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Hamilton being personally "targeted" by FIA over jewellery ban - Vettel

Hamilton being personally "targeted" by FIA over jewellery ban - Vettel

Hamilton being personally "targeted" by FIA over jewellery ban - Vettel

Hamilton being personally "targeted" by FIA over jewellery ban - Vettel

Lewis Hamilton has been the subject of a “personal” and “targeted” challenge by the FIA over the ban on jewellery, according to fellow F1 champion Sebastian Vettel.

Mercedes driver Hamilton, who is regularly adorned with a variety of jewellery items, has been given a two-race exemption to comply with the regulations.

Hamilton had initially been defiant when speaking at the drivers' press conference on Friday morning but come first practice for the inaugural Miami Grand Prix, he had removed as many of his piercings as possible, with only two remaining.

Four-time F1 champion Vettel believes Hamilton is being unfairly singled out. He said: “I think it is a bit unnecessary to blow this topic up.

"Probably at this stage, it is more of a personal thing and I feel, in a way, [it is] particularly targeted to Lewis.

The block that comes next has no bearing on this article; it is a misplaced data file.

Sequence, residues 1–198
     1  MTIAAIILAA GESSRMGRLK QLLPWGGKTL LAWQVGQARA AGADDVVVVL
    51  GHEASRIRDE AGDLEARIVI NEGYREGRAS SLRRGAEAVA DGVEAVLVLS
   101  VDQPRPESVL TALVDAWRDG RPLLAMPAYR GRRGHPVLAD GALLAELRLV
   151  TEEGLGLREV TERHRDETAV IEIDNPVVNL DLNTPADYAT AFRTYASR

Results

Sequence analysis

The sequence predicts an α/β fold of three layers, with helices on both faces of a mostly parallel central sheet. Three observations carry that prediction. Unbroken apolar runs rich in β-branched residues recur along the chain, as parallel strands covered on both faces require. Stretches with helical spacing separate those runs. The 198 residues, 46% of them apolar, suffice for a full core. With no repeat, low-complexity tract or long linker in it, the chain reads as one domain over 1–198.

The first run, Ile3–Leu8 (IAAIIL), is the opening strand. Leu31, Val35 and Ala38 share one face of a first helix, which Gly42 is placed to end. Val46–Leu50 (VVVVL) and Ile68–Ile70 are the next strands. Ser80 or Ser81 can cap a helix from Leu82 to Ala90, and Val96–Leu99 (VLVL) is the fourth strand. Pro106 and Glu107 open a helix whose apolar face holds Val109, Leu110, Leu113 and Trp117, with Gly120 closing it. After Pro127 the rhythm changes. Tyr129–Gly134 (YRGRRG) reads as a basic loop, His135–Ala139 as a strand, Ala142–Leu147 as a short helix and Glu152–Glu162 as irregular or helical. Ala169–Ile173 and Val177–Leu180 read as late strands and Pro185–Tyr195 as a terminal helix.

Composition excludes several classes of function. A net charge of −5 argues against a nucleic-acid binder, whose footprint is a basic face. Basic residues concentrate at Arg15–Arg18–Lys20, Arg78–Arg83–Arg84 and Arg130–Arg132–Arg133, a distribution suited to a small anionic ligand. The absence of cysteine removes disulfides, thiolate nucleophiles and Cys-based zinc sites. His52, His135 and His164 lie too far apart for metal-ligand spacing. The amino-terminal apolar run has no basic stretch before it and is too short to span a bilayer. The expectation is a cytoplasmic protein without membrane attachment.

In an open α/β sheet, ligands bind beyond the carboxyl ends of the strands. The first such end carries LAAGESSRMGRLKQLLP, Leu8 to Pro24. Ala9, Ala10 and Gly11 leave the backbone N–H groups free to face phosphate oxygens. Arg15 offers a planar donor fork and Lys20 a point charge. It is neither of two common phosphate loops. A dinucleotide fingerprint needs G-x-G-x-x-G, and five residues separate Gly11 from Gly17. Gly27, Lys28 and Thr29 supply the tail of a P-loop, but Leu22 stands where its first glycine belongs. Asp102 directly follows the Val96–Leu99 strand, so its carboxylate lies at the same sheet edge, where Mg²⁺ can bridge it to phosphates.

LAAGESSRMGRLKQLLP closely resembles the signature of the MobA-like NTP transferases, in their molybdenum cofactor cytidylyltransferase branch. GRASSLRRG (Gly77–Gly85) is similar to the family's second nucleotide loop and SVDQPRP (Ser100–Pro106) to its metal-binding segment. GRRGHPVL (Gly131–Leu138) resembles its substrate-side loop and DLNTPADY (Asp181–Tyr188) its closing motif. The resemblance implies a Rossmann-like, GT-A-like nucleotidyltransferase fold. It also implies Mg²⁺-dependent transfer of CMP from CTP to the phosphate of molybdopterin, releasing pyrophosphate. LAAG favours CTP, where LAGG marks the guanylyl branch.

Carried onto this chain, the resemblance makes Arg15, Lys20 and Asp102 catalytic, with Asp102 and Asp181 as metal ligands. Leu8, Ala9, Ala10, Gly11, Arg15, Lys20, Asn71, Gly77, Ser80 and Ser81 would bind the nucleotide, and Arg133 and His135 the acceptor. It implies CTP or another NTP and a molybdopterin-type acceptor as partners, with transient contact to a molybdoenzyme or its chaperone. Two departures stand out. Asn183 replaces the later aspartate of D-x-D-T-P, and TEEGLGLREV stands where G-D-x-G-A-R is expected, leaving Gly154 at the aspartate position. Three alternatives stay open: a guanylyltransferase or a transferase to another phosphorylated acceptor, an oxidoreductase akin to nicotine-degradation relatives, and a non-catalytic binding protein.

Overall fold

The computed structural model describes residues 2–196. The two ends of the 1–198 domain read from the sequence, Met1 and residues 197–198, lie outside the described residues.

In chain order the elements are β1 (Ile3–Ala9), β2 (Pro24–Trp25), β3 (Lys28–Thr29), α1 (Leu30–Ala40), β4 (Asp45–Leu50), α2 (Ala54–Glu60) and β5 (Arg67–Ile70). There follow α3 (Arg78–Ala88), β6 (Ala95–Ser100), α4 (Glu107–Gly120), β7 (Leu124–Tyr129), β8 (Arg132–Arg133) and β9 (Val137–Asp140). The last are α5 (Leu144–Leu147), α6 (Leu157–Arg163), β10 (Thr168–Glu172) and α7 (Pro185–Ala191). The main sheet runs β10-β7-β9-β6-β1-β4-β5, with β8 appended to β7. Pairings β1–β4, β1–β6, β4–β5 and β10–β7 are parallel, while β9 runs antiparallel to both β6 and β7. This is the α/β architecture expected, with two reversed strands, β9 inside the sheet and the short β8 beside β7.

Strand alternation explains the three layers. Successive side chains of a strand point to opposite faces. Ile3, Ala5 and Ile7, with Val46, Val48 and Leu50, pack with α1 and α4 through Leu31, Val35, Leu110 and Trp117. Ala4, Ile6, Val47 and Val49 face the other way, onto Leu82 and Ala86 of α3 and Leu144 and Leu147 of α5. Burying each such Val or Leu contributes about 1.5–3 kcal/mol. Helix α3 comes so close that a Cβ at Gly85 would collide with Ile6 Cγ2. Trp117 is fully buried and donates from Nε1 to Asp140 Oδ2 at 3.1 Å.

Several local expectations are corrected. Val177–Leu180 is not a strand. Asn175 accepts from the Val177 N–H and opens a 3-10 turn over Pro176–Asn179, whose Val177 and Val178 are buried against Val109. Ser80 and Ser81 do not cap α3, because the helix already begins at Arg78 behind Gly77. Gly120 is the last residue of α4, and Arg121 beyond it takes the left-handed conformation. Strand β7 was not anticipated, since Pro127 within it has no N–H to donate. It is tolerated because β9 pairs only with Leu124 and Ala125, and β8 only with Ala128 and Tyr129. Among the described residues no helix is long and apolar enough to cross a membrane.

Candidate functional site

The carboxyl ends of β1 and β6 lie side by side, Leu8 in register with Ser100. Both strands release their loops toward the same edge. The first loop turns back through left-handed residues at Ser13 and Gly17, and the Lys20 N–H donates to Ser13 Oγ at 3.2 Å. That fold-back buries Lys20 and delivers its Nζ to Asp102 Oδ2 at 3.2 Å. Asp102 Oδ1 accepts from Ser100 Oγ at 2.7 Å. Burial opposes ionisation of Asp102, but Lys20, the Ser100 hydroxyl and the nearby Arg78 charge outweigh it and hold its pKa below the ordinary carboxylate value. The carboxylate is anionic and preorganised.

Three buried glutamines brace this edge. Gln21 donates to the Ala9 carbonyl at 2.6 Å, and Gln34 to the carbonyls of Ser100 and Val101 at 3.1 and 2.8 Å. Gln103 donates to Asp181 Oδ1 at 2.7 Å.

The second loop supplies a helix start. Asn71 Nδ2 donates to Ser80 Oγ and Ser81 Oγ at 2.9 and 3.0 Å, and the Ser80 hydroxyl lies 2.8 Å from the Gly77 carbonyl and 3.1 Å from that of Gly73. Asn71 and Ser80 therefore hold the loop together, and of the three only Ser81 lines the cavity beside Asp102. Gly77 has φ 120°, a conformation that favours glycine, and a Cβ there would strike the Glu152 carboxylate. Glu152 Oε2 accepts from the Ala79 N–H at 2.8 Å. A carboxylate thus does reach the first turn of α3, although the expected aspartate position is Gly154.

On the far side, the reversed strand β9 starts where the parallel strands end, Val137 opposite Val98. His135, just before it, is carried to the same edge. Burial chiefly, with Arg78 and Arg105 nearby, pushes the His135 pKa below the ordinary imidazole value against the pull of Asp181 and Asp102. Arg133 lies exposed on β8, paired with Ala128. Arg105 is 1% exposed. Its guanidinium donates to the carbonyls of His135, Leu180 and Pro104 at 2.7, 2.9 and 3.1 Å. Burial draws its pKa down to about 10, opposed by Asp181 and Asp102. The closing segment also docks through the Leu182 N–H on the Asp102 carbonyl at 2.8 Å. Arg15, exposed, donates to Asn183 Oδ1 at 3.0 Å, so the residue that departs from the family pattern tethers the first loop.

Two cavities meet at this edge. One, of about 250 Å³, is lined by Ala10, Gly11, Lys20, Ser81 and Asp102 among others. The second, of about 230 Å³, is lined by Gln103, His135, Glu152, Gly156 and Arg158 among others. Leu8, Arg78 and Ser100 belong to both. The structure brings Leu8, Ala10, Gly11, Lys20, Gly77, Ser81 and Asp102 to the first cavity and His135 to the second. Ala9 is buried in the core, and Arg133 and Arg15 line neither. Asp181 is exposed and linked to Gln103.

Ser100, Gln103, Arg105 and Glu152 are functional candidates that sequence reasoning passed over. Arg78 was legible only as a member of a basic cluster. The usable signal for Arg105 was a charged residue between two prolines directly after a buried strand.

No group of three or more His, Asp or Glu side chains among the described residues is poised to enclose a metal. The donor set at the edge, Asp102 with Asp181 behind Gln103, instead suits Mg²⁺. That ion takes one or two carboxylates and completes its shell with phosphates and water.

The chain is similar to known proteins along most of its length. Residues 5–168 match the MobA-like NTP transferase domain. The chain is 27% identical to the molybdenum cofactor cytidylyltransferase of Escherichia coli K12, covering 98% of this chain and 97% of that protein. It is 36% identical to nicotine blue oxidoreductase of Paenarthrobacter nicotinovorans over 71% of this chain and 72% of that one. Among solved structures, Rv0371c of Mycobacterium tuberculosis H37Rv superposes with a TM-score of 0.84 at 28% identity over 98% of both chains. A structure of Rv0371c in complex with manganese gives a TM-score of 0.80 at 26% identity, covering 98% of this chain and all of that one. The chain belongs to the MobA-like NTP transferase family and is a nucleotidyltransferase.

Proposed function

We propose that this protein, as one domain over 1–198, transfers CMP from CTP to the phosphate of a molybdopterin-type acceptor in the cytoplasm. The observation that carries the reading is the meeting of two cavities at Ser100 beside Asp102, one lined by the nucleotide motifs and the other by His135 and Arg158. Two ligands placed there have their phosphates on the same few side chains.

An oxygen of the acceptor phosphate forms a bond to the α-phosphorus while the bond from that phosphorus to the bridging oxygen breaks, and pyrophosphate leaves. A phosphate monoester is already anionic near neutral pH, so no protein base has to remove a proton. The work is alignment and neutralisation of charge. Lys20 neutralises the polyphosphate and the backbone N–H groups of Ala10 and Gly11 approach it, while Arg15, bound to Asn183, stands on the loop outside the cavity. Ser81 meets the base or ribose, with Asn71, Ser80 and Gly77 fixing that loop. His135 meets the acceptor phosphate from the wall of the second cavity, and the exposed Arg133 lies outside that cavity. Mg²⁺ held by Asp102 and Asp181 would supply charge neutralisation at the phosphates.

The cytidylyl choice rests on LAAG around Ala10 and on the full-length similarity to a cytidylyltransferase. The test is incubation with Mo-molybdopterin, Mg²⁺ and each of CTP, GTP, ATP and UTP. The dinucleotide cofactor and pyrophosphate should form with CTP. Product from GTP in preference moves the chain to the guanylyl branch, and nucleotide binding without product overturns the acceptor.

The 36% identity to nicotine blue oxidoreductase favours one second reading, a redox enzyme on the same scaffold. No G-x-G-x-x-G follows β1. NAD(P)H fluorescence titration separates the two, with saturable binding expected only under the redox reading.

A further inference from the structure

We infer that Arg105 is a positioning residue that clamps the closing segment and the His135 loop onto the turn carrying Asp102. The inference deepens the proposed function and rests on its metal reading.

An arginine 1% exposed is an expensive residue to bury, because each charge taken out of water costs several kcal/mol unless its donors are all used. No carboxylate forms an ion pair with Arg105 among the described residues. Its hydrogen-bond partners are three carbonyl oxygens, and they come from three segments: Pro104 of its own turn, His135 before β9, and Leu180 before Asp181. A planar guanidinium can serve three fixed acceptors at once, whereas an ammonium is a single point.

“We spoke about underpants as well, but really is that the most exciting thing we can talk about? In a way, there is a concern for safety if you have stuff and the car does catch fire it would be unpleasant.

“To some degree, it is personal freedom and we are old enough to make our choices outside the car. We should [also] be old enough to make choices also inside the car.”

Hamilton seeking a solution

Hamilton revealed on Friday he had tried to make contact with FIA president Mohammed Ben Sulayem about the situation and expressed a willingness to “sign a waiver” to enable him to compete.

The seven-time champion has raced for 16 years without being asked to remove his jewellery and said drivers should have a right to show their “individuality”.

Speaking before Vettel’s comments, Hamilton said: “It seems unnecessary for us to get into this spat so I will try to communicate and work with Mohammed [Ben Sulayem, FIA president].

"I am here to be an ally of the sport, of Mohammed and Formula 1 and I think we have got bigger fish to fry, things to do and impact to have so that is where the focus should be."

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